The revamped Cutty Sark, the world's last remaining tea clipper, has been unveiled by the Queen after a £50 million restoration project.
Despite surviving the roughest seas, a devastating fire ripped through the vessel in 2007, after a vacuum cleaner was left on.
However the "spectacular" Cutty Sark has now been restored to her heyday, the clipper once a pivotal craft for the British trade, carrying goods from around the globe back to England.
It has been 55 years since the Queen first opened the nautical attraction to the public, and today she returned to repeat the ceremony but for a Cutty Sark now in a dramatic new setting.
Richard Doughty, director of the Cutty Sark Trust, described the vessel as "spectacular" and said: "We have a ship fit for the Queen and we're very proud Her Majesty and the Duke of Edinburgh have come to open the site.
"Fifty-five years on from when she first came, it's a very different experience, offering a light environment in the Cutty Sark's new elevated position."
People have invested love in this ship to put it back together again", he said.
The clipper is now lifted more than 11ft (3.4m) above its dry berth in Greenwich, south east London, and is once again a major landmark passed by runners who took part in Sunday's marathon.
The space under the three-masted vessel is home to an interactive museum where visitors can learn about its history.
A fire in 2007, caused by a vacuum cleaner that had been left on, had damaged the ship. However most of the fixtures and fittings had been removed for a major project to renovate the vessel, now 143-years-old, so visitors can see many original features on deck.
The Queen also unveiled a plaque to mark Greenwich becoming a royal borough, an honour bestowed to mark her Diamond Jubilee.
The monarch and Philip arrived just as driving rain that had lashed the ship and the hundreds of well-wishers began to stop.
The royal couple took their place on a dais and listened to an orchestral and choral suite commissioned by Greenwich to mark the Queen's Diamond Jubilee and composed by Errollyn Wallen.
The royal couple later moved inside to view the Cutty Sark's cramped decks that during its working life were filled with tea from China, and when this cargo was no longer an option, it carried hessian from Manila to New York and castor oil from Calcutta to Melbourne.
Despite it sleek hull and large sails, the ship was dogged by bad winds and accidents and never became the fastest vessel in the tea trade.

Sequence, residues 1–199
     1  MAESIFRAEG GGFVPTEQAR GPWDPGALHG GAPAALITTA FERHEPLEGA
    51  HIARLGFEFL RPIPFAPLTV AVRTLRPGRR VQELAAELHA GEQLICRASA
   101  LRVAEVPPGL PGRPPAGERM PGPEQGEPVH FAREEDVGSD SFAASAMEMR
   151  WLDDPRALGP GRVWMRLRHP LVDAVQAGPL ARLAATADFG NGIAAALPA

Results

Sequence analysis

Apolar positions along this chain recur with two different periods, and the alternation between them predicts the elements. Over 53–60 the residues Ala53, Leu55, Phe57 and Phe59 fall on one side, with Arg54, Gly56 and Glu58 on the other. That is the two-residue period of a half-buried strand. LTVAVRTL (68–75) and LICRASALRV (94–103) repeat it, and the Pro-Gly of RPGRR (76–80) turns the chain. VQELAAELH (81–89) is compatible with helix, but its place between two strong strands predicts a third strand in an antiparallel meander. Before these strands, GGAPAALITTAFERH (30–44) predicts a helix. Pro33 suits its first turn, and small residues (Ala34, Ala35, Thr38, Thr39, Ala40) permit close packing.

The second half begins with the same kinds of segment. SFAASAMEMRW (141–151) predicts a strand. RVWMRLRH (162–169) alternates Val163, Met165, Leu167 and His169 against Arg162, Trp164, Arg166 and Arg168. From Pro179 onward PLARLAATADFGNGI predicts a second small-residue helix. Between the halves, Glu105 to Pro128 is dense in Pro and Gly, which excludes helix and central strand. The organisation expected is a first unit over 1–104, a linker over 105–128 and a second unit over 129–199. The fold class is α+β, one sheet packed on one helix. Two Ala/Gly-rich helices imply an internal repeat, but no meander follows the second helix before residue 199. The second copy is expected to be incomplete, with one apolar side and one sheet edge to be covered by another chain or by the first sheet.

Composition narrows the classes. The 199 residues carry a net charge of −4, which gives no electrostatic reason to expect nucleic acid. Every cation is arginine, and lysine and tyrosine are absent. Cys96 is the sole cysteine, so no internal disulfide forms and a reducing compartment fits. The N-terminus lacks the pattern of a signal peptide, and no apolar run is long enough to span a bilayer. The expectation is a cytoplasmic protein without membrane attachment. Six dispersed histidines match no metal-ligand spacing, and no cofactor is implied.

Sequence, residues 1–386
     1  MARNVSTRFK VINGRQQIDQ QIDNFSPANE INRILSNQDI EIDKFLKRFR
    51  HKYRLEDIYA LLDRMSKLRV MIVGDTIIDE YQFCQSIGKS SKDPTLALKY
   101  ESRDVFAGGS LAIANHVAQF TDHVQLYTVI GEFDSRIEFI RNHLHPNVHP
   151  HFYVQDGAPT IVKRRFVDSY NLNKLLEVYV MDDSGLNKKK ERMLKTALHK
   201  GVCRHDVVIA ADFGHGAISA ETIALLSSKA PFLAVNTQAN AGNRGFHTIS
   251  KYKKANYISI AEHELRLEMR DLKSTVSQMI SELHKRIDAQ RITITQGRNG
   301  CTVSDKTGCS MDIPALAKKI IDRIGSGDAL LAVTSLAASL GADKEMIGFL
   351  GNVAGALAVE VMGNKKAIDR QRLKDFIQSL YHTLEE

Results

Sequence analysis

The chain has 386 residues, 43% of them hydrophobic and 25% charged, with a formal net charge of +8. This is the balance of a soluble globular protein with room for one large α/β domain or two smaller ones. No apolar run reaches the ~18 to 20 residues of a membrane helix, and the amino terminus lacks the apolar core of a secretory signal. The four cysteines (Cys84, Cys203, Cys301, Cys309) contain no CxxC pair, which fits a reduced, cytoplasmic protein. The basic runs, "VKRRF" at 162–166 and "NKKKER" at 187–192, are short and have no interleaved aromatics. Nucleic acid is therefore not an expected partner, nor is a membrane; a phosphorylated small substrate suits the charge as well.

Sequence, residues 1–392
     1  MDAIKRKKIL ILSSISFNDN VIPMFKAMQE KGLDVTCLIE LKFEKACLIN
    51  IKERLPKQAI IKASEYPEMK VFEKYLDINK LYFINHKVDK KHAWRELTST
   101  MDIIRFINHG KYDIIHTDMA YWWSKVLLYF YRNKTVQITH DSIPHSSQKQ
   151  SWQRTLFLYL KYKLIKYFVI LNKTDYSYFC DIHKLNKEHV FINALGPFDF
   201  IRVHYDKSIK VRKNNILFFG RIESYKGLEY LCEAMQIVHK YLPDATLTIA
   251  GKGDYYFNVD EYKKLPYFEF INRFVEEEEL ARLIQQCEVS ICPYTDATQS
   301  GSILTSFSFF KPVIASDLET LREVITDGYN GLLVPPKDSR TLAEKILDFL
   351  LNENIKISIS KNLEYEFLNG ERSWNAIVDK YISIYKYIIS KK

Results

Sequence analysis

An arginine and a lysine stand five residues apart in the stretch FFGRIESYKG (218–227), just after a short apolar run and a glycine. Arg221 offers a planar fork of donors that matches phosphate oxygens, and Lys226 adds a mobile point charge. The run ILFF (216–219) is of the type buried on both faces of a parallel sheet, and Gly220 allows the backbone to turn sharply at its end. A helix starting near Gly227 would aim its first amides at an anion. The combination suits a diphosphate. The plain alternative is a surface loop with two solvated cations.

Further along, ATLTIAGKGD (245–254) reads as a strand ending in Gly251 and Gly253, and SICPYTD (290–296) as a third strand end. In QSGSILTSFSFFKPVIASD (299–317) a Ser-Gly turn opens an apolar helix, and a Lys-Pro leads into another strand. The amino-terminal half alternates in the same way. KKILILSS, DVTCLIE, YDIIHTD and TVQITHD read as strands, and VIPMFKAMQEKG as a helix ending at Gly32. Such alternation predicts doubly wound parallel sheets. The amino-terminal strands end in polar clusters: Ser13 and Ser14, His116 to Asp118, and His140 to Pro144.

But she came into her own as a wool clipper sailing the trade route around South America's Cape Horn and through the Roaring Forties trade winds, setting in 1885 a record passage time of 73 days from Sydney to London.
Displays on the decks tell the history of the vessel from its construction to how tea is made in China, and Philip had to bow his head at several points to avoid metal girders.
The royal couple ventured onto the top deck as the rain stopped and high above their heads were dozens of sailing volunteers in the rigging, with many on the 152ft (46m) main mast.
Philip has a long association with the ship, co-founding the Cutty Sark Society in 1951 to safeguard the vessel.
He came to Greenwich soon after the fire to assess the damage for himself and Mr Doughty said that the Duke had given up his association with a number of bodies when he turned 90 last year but maintained his relationship with the society, now a trust.
"That shows the depth of commitment he has for this ship he helped to save," he said.
The director added that Philip had given staff valuable advice from lessons he had learned after the devastating fire at Windsor Castle in 1992.
He said: "He gave us moral support and some very practical advice in terms of how to get the best from consultants and contractors and other sorts of challenges we might encounter."
Correction: An earlier version of this article didn't make it clear that the Queen also visited the Royal Barge during her trip to Greenwich. This has now been amended